“Aware of the rioters’ chants to ‘hang Mike Pence,’ the president responded with this sentiment: ‘maybe our supporters have the right idea.’ Mike Pence ‘deserves’ it.”
In what could be some of the most dramatic moments today, the committee will juxtapose these three things:
• Trump’s comment about Pence deserving to hang.
• The increasingly frantic pleas from Pence aides that the vice president was in danger
• The details of Pence’s whereabouts in the Capitol as rioters came extraordinarily close to him and his Secret Service agents searched for a safe route of escape.
One of the intended takeaways from today’s presentation is that Trump — knowingly — almost got Pence killed.
Greg Sargent: Decoding Liz Cheney’s big hint about John Eastman — and Donald Trump
We still don’t know if Trump or his co-conspirators will ever face a criminal investigation relating to Jan. 6. But Cheney just dropped a big hint about the case the committee will make against both Eastman and Trump.
… In the video, Cheney reminded us the committee has convincingly demonstrated that Trump was extensively informed he’d lost. Cheney then said Thursday’s hearing will focus on Trump’s relentless pressure on Pence to subvert the electoral count in Congress.
“President Trump had no factual basis for what he was doing, and he had been told it was illegal,” Cheney continued. Despite this, she added, Trump “plotted” with Eastman and others to overturn the election on Jan. 6, 2021.
Trump’s pressure on Pence to abuse his role as president of the Senate by delaying the election’s conclusion is the key that unlocks this whole scandal. Eastman concocted a bogus legal justification for Pence to secure this delay, which would allow states to revisit the voting, find it fraudulent and certify sham electors for Trump, overturning his loss.

12 June
Next Jan. 6 hearings to focus on how Trump’s ‘big lie’ fueled rioters
(WaPo) The second public hearing by the House select committee investigating the Jan. 6, 2021, insurrection will focus on then-President Donald Trump’s baseless claims that the 2020 election was stolen — dubbed the “big lie” — and how those false claims were connected to the pro-Trump mob that attacked the U.S. Capitol that day in a bid to stop the certification of Joe Biden’s electoral college win, lawmakers on the bipartisan panel said Sunday.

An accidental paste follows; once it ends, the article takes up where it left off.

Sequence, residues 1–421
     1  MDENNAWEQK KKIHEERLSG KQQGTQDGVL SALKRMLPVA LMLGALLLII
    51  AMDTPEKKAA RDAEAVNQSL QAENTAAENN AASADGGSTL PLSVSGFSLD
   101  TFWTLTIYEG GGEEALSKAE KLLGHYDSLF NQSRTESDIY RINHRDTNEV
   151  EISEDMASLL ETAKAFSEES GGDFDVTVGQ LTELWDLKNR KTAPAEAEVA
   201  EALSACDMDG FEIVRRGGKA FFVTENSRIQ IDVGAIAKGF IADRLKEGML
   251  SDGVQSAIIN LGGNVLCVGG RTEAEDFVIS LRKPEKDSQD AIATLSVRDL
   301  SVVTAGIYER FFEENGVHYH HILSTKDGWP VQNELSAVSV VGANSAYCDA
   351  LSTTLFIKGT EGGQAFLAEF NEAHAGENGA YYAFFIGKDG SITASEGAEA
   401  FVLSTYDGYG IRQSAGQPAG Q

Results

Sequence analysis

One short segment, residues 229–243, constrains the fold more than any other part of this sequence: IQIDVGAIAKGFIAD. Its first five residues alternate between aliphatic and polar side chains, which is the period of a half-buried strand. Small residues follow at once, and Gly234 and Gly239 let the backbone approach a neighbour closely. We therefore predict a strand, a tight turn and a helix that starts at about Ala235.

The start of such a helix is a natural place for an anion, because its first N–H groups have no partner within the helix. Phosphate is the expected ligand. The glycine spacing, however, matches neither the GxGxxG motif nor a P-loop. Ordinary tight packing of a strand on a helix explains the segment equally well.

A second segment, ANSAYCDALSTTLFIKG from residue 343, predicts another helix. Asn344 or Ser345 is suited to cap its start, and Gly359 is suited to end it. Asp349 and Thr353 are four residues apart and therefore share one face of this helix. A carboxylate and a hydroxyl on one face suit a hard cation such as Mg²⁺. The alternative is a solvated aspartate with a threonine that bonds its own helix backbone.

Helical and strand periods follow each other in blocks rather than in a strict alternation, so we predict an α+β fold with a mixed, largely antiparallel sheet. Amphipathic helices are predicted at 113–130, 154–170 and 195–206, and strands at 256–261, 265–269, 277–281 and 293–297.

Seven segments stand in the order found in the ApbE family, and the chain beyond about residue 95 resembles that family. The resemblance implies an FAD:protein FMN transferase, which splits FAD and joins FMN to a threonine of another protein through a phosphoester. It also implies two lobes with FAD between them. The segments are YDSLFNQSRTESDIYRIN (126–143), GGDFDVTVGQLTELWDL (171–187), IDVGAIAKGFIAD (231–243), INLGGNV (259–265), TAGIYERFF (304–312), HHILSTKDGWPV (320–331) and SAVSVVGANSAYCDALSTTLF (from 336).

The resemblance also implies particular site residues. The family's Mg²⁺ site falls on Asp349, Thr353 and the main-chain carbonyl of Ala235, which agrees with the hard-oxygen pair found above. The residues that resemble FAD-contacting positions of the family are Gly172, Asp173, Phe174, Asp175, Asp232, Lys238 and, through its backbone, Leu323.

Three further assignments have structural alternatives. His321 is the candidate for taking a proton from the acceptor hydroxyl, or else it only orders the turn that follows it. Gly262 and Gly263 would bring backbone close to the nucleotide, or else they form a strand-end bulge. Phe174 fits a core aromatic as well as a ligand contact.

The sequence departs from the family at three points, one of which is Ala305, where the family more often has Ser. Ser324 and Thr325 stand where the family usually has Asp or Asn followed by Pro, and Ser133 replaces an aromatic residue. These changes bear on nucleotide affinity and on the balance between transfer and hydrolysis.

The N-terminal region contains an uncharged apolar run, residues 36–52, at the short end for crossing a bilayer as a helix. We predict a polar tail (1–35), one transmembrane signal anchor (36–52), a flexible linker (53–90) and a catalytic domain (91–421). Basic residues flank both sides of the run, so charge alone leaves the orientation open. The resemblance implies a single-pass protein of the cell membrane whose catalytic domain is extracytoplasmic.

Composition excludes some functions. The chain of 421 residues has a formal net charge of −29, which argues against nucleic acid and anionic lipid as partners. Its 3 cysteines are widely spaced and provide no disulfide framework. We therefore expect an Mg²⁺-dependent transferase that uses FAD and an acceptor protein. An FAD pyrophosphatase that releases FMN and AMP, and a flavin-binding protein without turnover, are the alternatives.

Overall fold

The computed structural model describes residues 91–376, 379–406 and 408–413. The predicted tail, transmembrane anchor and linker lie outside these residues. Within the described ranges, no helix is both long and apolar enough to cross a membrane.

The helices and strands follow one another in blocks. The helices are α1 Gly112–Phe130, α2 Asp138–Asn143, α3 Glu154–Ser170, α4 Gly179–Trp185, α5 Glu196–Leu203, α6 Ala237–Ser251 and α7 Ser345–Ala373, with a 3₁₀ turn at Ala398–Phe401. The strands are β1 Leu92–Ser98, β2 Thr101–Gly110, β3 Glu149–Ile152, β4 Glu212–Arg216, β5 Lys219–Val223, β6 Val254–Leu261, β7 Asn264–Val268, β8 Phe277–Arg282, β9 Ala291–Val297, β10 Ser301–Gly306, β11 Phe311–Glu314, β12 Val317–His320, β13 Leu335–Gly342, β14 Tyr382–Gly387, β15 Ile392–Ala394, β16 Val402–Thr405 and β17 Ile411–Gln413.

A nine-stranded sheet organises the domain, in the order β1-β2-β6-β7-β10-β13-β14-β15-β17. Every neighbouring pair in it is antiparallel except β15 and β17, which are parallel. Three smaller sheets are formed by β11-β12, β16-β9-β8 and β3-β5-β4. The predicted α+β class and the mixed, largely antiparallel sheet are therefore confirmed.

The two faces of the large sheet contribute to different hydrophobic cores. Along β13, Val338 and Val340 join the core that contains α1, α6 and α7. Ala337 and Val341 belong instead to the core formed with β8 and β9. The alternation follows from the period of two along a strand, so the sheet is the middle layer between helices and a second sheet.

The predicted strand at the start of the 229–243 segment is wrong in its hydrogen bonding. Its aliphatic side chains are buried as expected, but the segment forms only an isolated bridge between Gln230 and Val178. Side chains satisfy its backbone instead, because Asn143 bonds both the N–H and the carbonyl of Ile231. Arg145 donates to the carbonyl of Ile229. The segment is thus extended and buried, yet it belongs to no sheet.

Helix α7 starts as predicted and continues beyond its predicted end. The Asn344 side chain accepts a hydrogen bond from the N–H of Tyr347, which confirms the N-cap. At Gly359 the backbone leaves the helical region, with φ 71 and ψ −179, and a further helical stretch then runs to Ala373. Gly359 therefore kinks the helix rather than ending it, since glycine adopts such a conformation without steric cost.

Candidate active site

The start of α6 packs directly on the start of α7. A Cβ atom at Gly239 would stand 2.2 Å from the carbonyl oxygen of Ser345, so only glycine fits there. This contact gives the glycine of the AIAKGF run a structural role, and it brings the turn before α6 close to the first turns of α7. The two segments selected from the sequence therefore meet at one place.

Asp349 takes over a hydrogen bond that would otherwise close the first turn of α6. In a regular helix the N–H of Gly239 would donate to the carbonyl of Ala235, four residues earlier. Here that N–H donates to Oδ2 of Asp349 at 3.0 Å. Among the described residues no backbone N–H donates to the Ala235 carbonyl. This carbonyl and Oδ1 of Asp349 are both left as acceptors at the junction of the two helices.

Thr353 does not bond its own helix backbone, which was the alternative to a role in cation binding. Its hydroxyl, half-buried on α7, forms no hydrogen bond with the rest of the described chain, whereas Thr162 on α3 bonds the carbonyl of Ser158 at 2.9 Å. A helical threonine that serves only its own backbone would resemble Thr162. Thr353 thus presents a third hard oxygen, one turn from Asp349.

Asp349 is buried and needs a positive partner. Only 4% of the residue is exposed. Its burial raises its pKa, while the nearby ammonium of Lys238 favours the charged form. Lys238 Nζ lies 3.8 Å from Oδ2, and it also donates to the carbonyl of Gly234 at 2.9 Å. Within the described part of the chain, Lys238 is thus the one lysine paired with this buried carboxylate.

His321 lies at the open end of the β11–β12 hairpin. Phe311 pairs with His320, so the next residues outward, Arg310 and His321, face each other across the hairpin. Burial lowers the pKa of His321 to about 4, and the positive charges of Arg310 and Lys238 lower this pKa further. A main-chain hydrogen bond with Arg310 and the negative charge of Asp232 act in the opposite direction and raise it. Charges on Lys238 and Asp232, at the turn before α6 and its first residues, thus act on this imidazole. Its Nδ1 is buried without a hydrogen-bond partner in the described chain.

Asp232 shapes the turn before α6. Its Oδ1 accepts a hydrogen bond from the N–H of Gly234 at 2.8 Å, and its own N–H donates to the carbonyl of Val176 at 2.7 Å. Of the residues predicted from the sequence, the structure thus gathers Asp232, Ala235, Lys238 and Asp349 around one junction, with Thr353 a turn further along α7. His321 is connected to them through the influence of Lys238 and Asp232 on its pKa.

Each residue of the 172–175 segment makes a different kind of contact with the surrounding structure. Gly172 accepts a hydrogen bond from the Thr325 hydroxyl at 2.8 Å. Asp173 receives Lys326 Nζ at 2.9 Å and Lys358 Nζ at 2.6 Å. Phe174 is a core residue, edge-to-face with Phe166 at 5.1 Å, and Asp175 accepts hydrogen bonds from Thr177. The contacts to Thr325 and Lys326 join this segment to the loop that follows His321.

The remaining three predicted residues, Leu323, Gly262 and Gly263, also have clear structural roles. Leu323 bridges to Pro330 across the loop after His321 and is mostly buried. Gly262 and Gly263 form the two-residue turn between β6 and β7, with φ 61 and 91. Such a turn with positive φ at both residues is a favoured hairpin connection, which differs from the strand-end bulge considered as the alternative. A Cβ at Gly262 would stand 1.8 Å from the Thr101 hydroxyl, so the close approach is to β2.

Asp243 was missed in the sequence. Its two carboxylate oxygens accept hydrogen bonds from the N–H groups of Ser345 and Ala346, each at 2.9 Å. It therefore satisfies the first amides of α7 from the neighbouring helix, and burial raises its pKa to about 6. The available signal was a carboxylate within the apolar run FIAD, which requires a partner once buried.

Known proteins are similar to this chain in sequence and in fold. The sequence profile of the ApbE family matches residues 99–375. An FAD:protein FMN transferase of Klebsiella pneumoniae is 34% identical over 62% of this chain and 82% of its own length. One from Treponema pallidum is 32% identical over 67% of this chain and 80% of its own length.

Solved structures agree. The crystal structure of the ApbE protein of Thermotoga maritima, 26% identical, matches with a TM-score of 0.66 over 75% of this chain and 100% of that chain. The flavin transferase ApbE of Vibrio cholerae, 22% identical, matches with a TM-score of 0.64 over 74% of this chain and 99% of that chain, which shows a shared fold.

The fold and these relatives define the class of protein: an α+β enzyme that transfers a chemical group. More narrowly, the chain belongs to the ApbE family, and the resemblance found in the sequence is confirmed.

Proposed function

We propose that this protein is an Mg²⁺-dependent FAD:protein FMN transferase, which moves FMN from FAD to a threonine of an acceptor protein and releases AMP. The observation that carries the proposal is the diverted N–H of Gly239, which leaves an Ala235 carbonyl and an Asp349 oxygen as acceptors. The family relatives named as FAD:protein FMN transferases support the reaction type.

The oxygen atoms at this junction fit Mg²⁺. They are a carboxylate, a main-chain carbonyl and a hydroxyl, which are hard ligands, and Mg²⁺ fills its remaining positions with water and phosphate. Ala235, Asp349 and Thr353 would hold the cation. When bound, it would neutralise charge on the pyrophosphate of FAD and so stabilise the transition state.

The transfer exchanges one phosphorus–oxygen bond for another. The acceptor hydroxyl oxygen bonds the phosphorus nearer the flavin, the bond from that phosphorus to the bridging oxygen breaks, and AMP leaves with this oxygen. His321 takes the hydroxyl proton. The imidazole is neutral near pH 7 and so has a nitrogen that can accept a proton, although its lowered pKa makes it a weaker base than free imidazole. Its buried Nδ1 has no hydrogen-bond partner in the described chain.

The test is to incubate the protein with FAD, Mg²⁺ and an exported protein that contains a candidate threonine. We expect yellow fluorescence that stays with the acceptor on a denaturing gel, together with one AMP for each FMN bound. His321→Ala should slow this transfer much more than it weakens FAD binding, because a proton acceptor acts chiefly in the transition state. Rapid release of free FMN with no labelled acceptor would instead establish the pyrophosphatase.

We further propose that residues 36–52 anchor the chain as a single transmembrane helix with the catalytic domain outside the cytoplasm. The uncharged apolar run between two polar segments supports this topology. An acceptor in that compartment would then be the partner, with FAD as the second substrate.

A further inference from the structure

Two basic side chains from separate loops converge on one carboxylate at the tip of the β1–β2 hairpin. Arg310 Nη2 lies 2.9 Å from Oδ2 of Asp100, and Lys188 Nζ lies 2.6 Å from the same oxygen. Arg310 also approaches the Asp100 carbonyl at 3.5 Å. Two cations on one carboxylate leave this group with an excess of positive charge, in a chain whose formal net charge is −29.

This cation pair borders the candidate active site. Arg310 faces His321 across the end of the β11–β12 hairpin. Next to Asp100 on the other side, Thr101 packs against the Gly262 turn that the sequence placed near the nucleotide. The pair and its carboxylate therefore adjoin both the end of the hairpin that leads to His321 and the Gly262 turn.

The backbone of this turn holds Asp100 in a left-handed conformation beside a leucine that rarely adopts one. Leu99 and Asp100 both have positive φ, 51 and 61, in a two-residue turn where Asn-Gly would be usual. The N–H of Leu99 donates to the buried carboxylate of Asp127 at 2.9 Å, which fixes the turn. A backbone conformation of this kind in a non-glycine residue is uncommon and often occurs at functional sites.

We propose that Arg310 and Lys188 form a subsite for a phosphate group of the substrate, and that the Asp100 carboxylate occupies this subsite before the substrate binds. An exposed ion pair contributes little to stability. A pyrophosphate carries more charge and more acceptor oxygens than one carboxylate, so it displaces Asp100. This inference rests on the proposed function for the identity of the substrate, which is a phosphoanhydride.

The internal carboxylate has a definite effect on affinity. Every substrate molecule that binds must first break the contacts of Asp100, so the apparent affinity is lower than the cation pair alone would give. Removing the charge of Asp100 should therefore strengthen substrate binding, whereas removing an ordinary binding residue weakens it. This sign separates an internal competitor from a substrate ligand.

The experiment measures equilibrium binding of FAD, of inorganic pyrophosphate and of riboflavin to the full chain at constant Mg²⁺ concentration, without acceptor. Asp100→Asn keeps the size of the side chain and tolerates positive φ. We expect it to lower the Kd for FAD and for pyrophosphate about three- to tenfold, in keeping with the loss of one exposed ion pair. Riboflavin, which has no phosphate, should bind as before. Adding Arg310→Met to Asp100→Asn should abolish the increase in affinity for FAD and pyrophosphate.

In a background briefing with reporters on Sunday night, a select committee aide said the hearing on Monday, led by Chairman Bennie G. Thompson (D-Miss.) with an assist from Rep. Zoe Lofgren (D-Calif.), will also dissect the fundraising apparatus that was built around the “big lie” to drive up the post-election cash haul.
“We will reveal information about how the former president’s political apparatus used these lies about fraud, about a stolen election, to drive fundraising, bringing in hundreds of millions of dollars between Election Day 2020 and January 6,” a committee aide said.

Pence-world’s final takedown of Trump’s Jan. 6 bid to remain in power revealed in his lawyer’s memo
Top adviser told the then-vice president that the courts would likely not support him if he gave in to Trump’s pressure to delay certifying electoral votes.
Betsy Woodruff Swan and Kyle Cheney
(Politico) The memo informed Pence’s ultimate decision to rebuff pressure from Trump to reverse the outcome of the election. Pence announced his decision the next day, when he traveled to the Capitol to preside over the Jan. 6 meeting of the House and Senate. His decision, in a letter that closely tracked Jacob’s memo, inflamed a crowd of thousands of Trump supporters that the president had called to Washington to protest his defeat.

9-10 June
Heather Cox Richardson June 10, 2022
…a great deal of the power of the committee’s presentation last night came from the fact that many of its key witnesses were themselves members of Trump’s inner circle. Those witnesses included his attorney general, William Barr; Trump campaign spokesperson Jason Miller; Chairman of the Joint Chiefs of Staff General Mark Milley; and Trump’s own daughter and son-in-law, Ivanka Trump and Jared Kushner. They established that Trump indeed knew he had lost the election, that he nonetheless stoked a movement to keep him in power, and that when the insurrectionists attacked the Capitol to stop the counting of electoral votes, he refused to intervene to protect lawmakers, law enforcement officers, or the law.
…As Trump’s attack on his daughter indicates, last night’s hearing appears to have exacerbated the chaos in the Republican Party as Trump and his supporters struggle to cling to power in the face of damning evidence that they tried to destroy our democracy.
The Jan. 6 Hearing Put a True-Crime Drama on Prime-Time TV
The first night of the Jan. 6 hearings was serious public service, but it told an engrossing story with the tools of a limited series drama.